Finland Ranked Happiest Country In The World AGAIN. Here’s The Reason Why

Aland Tent Finland

Finland ranked the happiest country in the world for the 4th year in a row. This is according to the annual World Happiness Report published by the Sustainable Development Solutions Network, a global initiative for the United Nations. This means that Finland was still the happiest country in 2020, the year of Covid-19.

Finland retaining the prestigious title as happiest country in the world a fourth time is a previously unseen accomplishment.

Finland Lapland Pallas-Yllästunturi
Finland Lapland Pallas-Yllästunturi. Photo by Julia Kivela

Appearing already as a sort of constant, Finnish happiness can be attributed to a number of factors, and many Finns credit it to their connection with nature and the outdoors, with over 90% of Finland covered in either forest or water.

People that live in urban areas will probably agree with the statement above. However, that doesn’t mean nature is the only source of happiness. There are numerous factors such as financial stability, safety, entertaining places, and activities where families and friends can have fun and recharge their batteries, etc. According to this article, all the mentioned factors exist in this country and confirm why Finland is the happiest country in the world.

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So why the heck is Finland so happy? According to Visit Finland, the country’s official tourism organization, there are four reasons for its heightened state of happiness.

4 reasons why Finland is the happiest country in the world

  1. Reconnecting with Mother Nature

Lahti Sauna Lake Lehmonkarki
Lahti Sauna Lake Lehmonkarki, photo by_Julia_Kivela

In Finland, 75% of the land is covered by forest, so nature plays a big part in the Finnish lifestyle. Finland has 40 national parks and with its Everyman’s Rights, anyone living or visiting Finland has the freedom to roam in nature and enjoy outdoor pursuits regardless of who owns or occupies an area. During the summer, Finland is perfect for swimming, hiking, biking and camping, whilst in the winter, visitors can try country skiing and even the new trend of woolsock running.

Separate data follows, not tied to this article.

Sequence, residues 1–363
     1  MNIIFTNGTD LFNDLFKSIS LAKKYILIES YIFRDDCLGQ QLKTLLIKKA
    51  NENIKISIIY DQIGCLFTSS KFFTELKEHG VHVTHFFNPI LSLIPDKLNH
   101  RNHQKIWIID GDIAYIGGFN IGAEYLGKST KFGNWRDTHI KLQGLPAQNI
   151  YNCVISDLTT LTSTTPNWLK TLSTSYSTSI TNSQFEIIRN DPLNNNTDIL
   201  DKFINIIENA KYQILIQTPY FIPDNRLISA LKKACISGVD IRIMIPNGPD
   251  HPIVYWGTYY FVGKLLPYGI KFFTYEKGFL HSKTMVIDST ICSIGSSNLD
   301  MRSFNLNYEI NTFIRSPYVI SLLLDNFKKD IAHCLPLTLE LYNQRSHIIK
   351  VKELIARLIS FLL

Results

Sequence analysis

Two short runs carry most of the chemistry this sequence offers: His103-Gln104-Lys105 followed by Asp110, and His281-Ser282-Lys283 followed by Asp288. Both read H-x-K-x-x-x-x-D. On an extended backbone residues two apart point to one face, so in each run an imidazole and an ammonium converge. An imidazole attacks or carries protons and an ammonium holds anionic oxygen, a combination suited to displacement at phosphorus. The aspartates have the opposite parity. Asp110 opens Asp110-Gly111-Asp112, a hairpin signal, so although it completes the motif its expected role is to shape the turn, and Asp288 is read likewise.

Finns love to escape busy cities and surround themselves with nature to relax, and it has been scientifically proven that spending just 15 minutes amongst the trees can reduce the feelings of stress.

2. Foraging is a State of Mind

Hot guy with food Finland
Photo: Business Finland.

In summer and autumn, Finland is the ideal spot to explore the nearby forests and waters for fresh, wild food. This includes berries, mushrooms, wild herbs and vegetables, and fishing is also a popular year-round activity. Plus, Finland’s burgeoning restaurant scene and use of fresh ingredients and delicious flavors is placing Finland on the gastronomic food map.

Wandering the forests and fields for food may seem like a simple act but foraging can be peaceful, rewarding, educational and fun. It can also offer a therapeutic focus, helping people to slow down and appreciate the surrounding natural world.

3. The Healing Powers of Water 

Finland biking
Photo: Business Finland.

Finland is the land of 188,000 beautiful lakes. For active travelers, there is no better way to explore the beauty and serenity of the Finnish landscape than by paddling across the lakes by canoe or kayak. Adventurers can explore Lake Oulujärvi by steamship or by shore on an Icelandic horse, or travel down to the heart of Finland to experience Lake Saimaa, home to the Saimaa Ringed Seal – one of the rarest and most endangered seals in the world.

In the winter, Finland’s unlikely national pastime of plunging into ice cold water following a sauna or ice swimming is known to energize the body and improve overall happiness and wellbeing.

4. Sauna Serotonins

Hot guys Finland sauna
Finland Tarvainen Sauna. Photo by Business Finland.

The only Finnish word to make it into the everyday English language is ‘sauna.’ Finland has 3 million saunas, and it is a ritual that has been performed for thousands of years. The sauna is a beloved way of Finnish life which gathers and connects friends and family of all generations. Plus, Finland’s sauna culture has been added to UNESCO’s Representative List of the Intangible Cultural Heritage of Humanity, the first aspect of Finnish culture to make it onto the prestigious list.

The Finns believe that saunas are great for the mind and boosting happiness. It can also be seen as a meditative space and a place to switch off from the outside world. The best part of the sauna experience is what the Finns fondly refer to as the ‘post-sauna bliss’– the exhilarating feeling of having cleansed the mind and body.

Finland clouds
Photo: Business Finland

Heading to Finland? You have to check out these activities.

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Jimmy Im has traveled to 113 countries, stayed in over 600 hotels and has flown a million airmiles. He lives in New York City.

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